It’s a Puzzle

Every week (except this one, since the Library is being renovated) the Flash Fiction group meets and we read our pieces out loud, based around a “trigger” (word, not warning) from the previous week. Last week’s word was “comely.” Our group leader pronounced it differently than I always had, even though it’s an “archaic” word not used often these days.

I’ll also note that most of the writers’ work at these parties fits on a single page. Mine almost never do. Why? I’m too big a fan of dialogue to let that happen. So here is last week’s flash to illustrate my point, an almost completely dialogue driven, totally imaginary conversation on the correct pronunciation of “comely.”

It’s a Puzzle

She: “Thirteen down, six letters, ‘having a pleasant appearance.’”

He: “Comely.”

She: “It fits, but I believe it is pronounced with a long o.”

He: “Why in the world would you rhyme it with ‘homely’ when it’s the antonym of homely?”

She (shrugging): “Easier to remember. Besides, I think I’m right.”

He: (Pausing to Google): “It’s neither right nor wrong. Merriam-Webster says both are correct.”

She: “Rubbish. They can’t both be correct. One is right so the other has to be wrong. Ergo, you’re wrong.”

He: “Let’s not get Latin involved in a simple pronunciation dispute. Actually, now that I look at the definition again, I am wrong.”

She (Smirking the tiniest bit): “Told you.”

He: “I was only wrong when I said both are correct. There’s actually a third way to pronounce it, but it looks Swedish.”

She: “I’ll leave the Latin out if you’ll leave the darn Swedes out. It’s not a Swedish word.”

He: “I said it looked Swedish. I look Irish but I’m actually Italian on both sides.”

She: “You’re actually annoying on both sides. And there has to be a correct way to pronounce that word.”

He: “Nope. Merriam-Webster says all three are acceptable. You want to argue with Merriam or Webster?”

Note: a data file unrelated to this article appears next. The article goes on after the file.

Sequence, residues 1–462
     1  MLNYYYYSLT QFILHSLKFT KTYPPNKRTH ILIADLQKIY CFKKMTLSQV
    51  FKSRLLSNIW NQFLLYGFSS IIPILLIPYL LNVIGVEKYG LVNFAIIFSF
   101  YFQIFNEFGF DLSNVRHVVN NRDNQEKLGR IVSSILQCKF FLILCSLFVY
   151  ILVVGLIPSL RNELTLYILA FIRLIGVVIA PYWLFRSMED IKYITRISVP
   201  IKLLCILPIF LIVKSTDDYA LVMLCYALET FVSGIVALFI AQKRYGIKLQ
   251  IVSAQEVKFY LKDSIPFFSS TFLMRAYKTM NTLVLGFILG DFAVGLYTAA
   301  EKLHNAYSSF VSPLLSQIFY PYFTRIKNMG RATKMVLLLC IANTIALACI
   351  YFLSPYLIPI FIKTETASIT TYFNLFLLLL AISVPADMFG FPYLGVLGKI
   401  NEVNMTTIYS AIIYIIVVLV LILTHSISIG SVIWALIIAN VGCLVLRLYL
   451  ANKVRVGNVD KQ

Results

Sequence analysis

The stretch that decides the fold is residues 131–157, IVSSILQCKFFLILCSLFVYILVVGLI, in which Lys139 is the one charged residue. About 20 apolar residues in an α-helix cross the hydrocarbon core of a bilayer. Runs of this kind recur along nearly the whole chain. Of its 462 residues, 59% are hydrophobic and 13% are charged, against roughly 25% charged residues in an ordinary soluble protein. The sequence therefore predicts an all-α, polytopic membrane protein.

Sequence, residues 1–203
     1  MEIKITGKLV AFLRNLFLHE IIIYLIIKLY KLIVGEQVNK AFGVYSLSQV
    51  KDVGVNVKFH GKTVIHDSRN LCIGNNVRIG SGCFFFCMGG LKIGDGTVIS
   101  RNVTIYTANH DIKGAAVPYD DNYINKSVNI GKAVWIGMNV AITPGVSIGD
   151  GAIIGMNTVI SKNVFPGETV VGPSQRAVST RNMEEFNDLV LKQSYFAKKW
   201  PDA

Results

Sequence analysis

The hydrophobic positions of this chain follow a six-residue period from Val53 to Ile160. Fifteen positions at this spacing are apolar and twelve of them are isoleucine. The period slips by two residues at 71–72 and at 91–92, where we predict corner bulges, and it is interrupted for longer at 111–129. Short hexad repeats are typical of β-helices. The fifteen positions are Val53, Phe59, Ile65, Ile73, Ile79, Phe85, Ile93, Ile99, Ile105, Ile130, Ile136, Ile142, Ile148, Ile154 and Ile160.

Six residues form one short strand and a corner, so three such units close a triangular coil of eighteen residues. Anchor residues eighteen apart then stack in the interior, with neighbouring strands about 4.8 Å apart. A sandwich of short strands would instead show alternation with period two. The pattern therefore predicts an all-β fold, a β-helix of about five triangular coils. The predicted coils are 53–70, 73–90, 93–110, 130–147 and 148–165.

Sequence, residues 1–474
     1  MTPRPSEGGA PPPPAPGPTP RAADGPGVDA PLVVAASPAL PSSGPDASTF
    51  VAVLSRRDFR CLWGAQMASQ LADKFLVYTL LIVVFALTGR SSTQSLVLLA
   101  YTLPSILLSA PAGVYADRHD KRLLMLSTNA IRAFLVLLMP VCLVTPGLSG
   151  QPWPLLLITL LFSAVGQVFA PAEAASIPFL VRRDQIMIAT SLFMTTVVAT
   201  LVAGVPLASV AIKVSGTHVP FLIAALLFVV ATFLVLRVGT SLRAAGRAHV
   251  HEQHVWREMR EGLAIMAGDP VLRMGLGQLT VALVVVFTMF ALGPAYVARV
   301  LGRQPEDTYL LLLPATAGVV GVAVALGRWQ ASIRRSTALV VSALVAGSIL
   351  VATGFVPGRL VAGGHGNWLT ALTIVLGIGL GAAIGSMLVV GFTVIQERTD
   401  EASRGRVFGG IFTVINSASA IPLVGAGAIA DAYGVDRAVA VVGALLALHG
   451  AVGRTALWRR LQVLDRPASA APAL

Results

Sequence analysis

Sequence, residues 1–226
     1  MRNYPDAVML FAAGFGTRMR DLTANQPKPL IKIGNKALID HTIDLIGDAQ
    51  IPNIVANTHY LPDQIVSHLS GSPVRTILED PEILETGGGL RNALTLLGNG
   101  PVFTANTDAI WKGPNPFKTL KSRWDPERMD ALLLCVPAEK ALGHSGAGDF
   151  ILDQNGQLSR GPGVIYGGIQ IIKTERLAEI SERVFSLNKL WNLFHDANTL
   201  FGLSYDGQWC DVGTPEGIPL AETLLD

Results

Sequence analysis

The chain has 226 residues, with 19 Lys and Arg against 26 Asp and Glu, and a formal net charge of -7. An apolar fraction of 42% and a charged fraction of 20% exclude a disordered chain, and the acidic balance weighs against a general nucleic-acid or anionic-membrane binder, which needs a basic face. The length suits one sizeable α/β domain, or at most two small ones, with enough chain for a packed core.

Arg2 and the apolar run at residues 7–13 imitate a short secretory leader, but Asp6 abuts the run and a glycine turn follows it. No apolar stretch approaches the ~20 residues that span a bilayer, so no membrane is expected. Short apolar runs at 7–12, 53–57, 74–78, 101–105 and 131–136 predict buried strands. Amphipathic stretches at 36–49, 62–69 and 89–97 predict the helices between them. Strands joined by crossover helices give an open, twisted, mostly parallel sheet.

She: “I’ll argue with anyone I know is wrong.”

He: “Should have stopped after ‘anyone.’”

She: “Smartass. Besides, it’s not acceptable to me, no matter what Merriam or Webster say. They’re both wrong, and according to you I should say it as if it rhymes with cum-ly? That borders on obscene.”

He: “I’m saying I pronounce it as if it rhymes with ‘bumb-ly.’ You can pronounce it however your perverted little heart desires.”

She: “Did I ever say I love it when you talk dirty? Well, I lied. It’s pronounced ‘combly,’ and that’s all there is to it. As in comb your hair, if comb was an adverb and not a noun or verb.”

He: “Did I ever say I love it when you do crosswords, because it’s a relaxing hobby?”

She: “Not once did you say that within my hearing, so I guess you didn’t lie. That is where you were going with that little bit of business, wasn’t it?”

He: “More like a bit without the business. In the sense of a comedy bit.”

She: “Then that bit didn’t do the business. In the sense of being funny.”

He: “You’re never going to finish that puzzle at this rate, you know.”

She: “It’s never about the destination, it’s always about the journey. A good discussion beats a bad puzzle any day.”

He: “I thought we were arguing.”

She: “You also thought that word rhymed with bumbly, so what do you know?”

He: “Can we just move on? What’s the next clue, because I obviously need one.”

She: “When you’re right, you’re right. Fifteen across, nine letters: Unyielding or inflexible.”

He: “Obstinate.”

She: “That doesn’t sound right.”

He: “I’m staying out of this. Look it up in your Funk and Wagnalls’.”

 

-The End-

©2020 by Richard Parks. All Rights Reserved.

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